By Stephen J. Choi, Mitu Gulati, Mirya Holman, & Eric A. Posner. 8 J. Empirical Legal Stud. 504-532 (2011).
Women and Justice: Keywords
Judging Women (2011)
Gender discrimination, Gender-based violence in general, Employment discrimination
Strickland v. Prime Care of Dothan United States District Court, M.D. Alabama, Southern Division (2000)
Gender discrimination, Employment discrimination
Ms. Strickland sued her former employer, Prime Care of Dothan, on the theory Prime Care terminated her employment as a medical assistant because of her pregnancy. Prime Care filed a motion for summary judgment on the sole issue of whether Ms. Strickland had sufficient evidence to create an issue of fact on the question of pretext. In order to rebut the inference of discrimination, Prime Care was required to articulate a legitimate nondiscriminatory reason for its decision to terminate Ms. Strickland. To this end, Prime Care asserted that it based its termination decision on violation of work rules, including that Ms. Strickland was rude and/or unprofessional on several occasions, was frequently tardy, and failed to return to work after attending a doctor’s visit. Because, if true, the reasons asserted by Prime Care were nondiscriminatory, the burden shifted back to Ms. Strickland to show that the proffered reasons were really pretext for unlawful discrimination. Ms. Strickland achieved this by showing her conduct did not violate Prime Care’s established policies, and presenting circumstantial evidence that, if true, demonstrated her supervisor harbored a discriminatory animus toward unmarried pregnant women. Prime Care also argued that even if it did discriminate against unmarried, pregnant women, such discrimination did not violate Title VII because the differential treatment was not based on sex. Rather, Prime Care claimed such a policy was neutral toward women, since women were both members of the group of married pregnant women and unmarried pregnant women. The court held that Congress and the Supreme Court had expressly rejected this argument, finding that the terms “because of sex” or “on the basis of sex” include because of or on the basis of pregnancy. Thus, an employer violated the Pregnancy Discrimination Act when it premises an employment decision, in whole or in part, on the fact that one of its female employees or applicants was pregnant out of wedlock. For these reasons, the court denied Prime Care’s motion for summary judgment.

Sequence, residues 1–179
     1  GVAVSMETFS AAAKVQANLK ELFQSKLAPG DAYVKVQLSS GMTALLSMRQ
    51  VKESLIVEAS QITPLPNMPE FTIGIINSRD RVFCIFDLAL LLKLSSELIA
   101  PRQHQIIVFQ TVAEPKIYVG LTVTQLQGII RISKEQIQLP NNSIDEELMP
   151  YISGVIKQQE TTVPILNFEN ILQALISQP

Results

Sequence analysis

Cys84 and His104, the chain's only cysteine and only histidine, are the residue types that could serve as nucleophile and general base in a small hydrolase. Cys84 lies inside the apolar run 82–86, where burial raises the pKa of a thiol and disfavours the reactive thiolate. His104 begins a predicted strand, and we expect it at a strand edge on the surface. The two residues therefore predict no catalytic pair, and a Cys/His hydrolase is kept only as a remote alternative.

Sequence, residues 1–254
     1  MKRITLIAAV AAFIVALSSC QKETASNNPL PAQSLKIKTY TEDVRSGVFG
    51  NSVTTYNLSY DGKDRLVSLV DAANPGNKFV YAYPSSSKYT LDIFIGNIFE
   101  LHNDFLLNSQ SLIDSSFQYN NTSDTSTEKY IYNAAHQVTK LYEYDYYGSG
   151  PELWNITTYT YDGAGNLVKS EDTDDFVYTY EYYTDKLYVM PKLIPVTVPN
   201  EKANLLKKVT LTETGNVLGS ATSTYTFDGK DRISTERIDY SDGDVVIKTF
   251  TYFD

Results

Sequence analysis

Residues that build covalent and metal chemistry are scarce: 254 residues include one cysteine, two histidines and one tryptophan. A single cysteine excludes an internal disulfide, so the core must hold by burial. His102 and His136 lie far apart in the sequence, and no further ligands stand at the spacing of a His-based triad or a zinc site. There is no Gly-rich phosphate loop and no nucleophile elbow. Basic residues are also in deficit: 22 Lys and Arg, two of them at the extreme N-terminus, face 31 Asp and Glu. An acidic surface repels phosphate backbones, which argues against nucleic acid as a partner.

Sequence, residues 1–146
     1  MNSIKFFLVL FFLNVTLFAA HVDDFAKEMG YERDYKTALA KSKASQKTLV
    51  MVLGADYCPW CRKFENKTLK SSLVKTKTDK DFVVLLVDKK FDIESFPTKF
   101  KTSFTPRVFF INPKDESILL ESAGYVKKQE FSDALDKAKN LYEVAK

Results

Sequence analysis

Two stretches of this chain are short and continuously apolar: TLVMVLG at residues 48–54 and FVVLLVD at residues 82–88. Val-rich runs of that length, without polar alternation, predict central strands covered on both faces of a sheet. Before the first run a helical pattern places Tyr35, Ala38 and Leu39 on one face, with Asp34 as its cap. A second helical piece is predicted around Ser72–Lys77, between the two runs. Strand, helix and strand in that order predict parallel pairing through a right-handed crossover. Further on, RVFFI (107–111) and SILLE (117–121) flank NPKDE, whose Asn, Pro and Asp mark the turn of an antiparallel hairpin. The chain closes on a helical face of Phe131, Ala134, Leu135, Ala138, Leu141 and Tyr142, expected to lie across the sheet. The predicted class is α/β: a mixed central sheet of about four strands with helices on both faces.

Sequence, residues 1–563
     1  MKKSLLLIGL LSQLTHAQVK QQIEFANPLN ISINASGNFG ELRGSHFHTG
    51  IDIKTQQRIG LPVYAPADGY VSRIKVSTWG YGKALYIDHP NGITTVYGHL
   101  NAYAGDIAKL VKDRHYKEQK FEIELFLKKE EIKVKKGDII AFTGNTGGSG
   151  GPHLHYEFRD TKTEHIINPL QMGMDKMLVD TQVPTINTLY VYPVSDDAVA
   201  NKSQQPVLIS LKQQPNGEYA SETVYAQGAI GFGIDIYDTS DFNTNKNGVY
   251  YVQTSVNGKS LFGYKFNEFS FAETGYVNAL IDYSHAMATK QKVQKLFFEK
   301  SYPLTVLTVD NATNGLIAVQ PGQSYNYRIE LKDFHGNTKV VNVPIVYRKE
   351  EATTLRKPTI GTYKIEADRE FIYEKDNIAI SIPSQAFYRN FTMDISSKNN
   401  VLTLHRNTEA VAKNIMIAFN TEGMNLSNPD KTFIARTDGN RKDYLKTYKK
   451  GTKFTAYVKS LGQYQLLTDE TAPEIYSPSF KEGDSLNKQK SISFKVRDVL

Hoy v. Angelone Superior Court of Pennsylvania (1997)
Louise Hoy worked at Shop-Rite as a meat-wrapper. During her tenure there, Dominick Angelone repeatedly subjected her to sexual propositions, filthy language, off-color jokes, physical groping, and the posting of sexually suggestive pictures in the workplace. Eventually Hoy took medical leave to receive psychiatric treatment; when she returned, she requested that the store manager move her to another department. In order to recover under a hostile environment claim, the employee must prove that (1) she suffered intentional sex discrimination because of her sex; (2) the discrimination was pervasive and regular; (3) the discrimination detrimentally affected the employee; (4) the discrimination would detrimentally affect a reasonable person of the same sex in that position; and (5) the existence of respondeat superior liability. Hoy established the first four elements but Shop-Rite argued that it could not be liable under the Pennsylvania Human Relations Act for Angelone’s conduct because it did not know nor had reason to know of the existence of a sexually hostile environment, and it took remedial action. A plaintiff may establish an employer’s knowledge by showing (i) that she complained to higher management or (ii) that the harassment was so pervasive that the employer will be charged with constructive knowledge. The court upheld the jury’s finding that the store manager knew or should have been aware of the conduct before Hoy requested transfer out of the meat department and failed to take remedial action; indeed, the conduct was so pervasive that several of Hoy’s coworkers knew of the abuse. Thus, Shop-Rite was liable for Angelone’s conduct because the manager failed to take remedial action despite this knowledge.
State v. Human Rights Commission Court of Appeals Fourth District (1989)
Gender discrimination, Sexual harassment
Lynda Savage filed a complaint against the Illinois Department of Corrections alleging that she had been sexually harassed by her immediate supervisor, Nicholas Howell, and discharged in retaliation. Howell would describe women by their physical attribut
Women's Empowerment Principles: Equality Means Business (2010)
UNIFEM report offering practical guidance to business and the private sector on how to empower women in the workplace, marketplace and community (2010).